Six Pakistani soldiers were killed in an “intense exchange of fire” with militants on Thursday in Pakistan’s restive north-western Khyber Pakhtunkhwa province, bordering Afghanistan, the army said. In a statement, the Inter-Services Public Relations (ISPR), the media wing of Pakistan military said the shootout took place in the Dir Duni area of North Waziristan district.
Six soldiers were killed during the “intense exchange of fire” which left three terrorists dead, the statement said.
“Sanitisation of the area is being carried out to eliminate any terrorists found in the area. [The] security forces of Pakistan are determined to eliminate the menace of terrorism and such sacrifices of our brave soldiers further strengthen our resolve,” the ISPR said.
The attack comes amid a surge in terrorist activities across the country since the banned militant group Tehreek-i-Taliban Pakistan (TTP) ended its ceasefire with the government in November.
The TTP, which is believed to have close links to al-Qaeda, has in the past also threatened to target Prime Minister Shehbaz Sharif and Foreign Minister Bilawal Bhutto-Zardari if the ruling coalition continued to implement strict measures against the militants.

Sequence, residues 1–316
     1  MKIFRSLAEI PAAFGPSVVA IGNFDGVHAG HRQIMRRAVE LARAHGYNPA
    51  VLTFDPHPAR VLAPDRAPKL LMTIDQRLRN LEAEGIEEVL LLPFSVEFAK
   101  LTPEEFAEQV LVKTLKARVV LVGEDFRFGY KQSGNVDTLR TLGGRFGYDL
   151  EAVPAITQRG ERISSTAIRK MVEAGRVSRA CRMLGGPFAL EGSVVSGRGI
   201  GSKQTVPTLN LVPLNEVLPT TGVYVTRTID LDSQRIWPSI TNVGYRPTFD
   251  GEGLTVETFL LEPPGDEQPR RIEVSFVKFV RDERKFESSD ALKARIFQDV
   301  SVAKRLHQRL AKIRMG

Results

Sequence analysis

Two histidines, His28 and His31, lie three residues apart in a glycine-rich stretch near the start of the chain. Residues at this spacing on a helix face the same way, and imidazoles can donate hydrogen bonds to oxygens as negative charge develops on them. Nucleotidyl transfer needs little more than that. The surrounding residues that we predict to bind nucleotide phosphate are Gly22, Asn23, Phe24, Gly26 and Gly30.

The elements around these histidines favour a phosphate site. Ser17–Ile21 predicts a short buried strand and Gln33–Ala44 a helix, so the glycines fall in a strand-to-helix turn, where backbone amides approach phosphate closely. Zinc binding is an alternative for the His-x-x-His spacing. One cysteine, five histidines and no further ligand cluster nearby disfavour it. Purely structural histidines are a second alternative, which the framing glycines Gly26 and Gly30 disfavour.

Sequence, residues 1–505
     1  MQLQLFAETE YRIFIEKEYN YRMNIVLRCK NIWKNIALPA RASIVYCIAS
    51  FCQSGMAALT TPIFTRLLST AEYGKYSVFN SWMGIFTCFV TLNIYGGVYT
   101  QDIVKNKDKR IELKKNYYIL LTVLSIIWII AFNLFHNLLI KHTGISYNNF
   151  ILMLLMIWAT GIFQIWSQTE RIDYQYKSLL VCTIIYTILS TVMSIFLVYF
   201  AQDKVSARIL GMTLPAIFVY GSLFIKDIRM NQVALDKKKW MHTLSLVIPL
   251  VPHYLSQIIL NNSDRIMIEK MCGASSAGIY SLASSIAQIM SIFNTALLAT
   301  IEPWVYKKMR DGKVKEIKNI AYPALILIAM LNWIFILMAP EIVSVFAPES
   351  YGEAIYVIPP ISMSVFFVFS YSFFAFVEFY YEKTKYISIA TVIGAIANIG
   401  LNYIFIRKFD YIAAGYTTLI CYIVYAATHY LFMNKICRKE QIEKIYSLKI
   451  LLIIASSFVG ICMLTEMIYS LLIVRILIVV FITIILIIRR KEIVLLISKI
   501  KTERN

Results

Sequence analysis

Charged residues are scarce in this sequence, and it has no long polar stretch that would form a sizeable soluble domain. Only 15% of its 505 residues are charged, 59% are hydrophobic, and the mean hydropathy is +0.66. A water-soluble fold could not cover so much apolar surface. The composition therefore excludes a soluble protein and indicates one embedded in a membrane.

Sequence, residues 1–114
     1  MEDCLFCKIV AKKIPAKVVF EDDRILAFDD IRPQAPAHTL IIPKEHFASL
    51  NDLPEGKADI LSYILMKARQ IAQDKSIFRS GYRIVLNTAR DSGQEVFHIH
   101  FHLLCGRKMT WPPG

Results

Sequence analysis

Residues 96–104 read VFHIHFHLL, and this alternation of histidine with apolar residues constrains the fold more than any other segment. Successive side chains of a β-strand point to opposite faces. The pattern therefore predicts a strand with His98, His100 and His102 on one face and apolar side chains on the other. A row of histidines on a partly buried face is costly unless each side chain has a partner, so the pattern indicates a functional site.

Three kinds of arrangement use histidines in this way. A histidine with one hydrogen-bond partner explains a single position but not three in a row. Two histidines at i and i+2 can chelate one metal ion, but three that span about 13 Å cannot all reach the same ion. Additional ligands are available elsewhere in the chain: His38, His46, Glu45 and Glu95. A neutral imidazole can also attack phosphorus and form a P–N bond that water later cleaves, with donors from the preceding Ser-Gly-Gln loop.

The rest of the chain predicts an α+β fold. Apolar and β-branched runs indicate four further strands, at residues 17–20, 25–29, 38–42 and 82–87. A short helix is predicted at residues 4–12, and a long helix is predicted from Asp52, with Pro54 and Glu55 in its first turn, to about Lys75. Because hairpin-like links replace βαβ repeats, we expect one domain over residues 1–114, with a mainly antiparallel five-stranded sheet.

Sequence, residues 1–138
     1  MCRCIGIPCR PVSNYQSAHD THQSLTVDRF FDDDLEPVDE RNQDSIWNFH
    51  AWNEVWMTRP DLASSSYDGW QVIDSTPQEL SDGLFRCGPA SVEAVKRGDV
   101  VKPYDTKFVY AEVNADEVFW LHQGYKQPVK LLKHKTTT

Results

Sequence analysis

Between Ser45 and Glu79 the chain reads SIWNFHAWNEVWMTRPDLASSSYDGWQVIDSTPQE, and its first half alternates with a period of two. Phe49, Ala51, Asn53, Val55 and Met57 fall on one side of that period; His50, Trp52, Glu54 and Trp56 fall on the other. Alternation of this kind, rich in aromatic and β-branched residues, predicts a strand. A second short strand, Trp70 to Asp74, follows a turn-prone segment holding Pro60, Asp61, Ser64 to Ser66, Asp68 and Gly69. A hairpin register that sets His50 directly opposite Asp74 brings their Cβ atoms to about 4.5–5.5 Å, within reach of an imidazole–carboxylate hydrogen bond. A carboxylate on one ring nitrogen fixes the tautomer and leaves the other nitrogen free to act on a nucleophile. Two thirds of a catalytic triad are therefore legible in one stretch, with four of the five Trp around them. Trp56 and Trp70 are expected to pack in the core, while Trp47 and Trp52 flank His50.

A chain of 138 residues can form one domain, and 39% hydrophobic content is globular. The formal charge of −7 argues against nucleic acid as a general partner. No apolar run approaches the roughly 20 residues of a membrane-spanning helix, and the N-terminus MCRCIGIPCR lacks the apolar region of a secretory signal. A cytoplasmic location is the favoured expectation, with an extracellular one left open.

The TTP, also known as the Pakistan Taliban, was set up as an umbrella group of several militant outfits in 2007. Its main aim is to impose its strict brand of Islam across Pakistan.
The group has been blamed for several deadly attacks across Pakistan, including an attack on army headquarters in 2009, assaults on military bases and the 2008 bombing of the Marriott Hotel in Islamabad.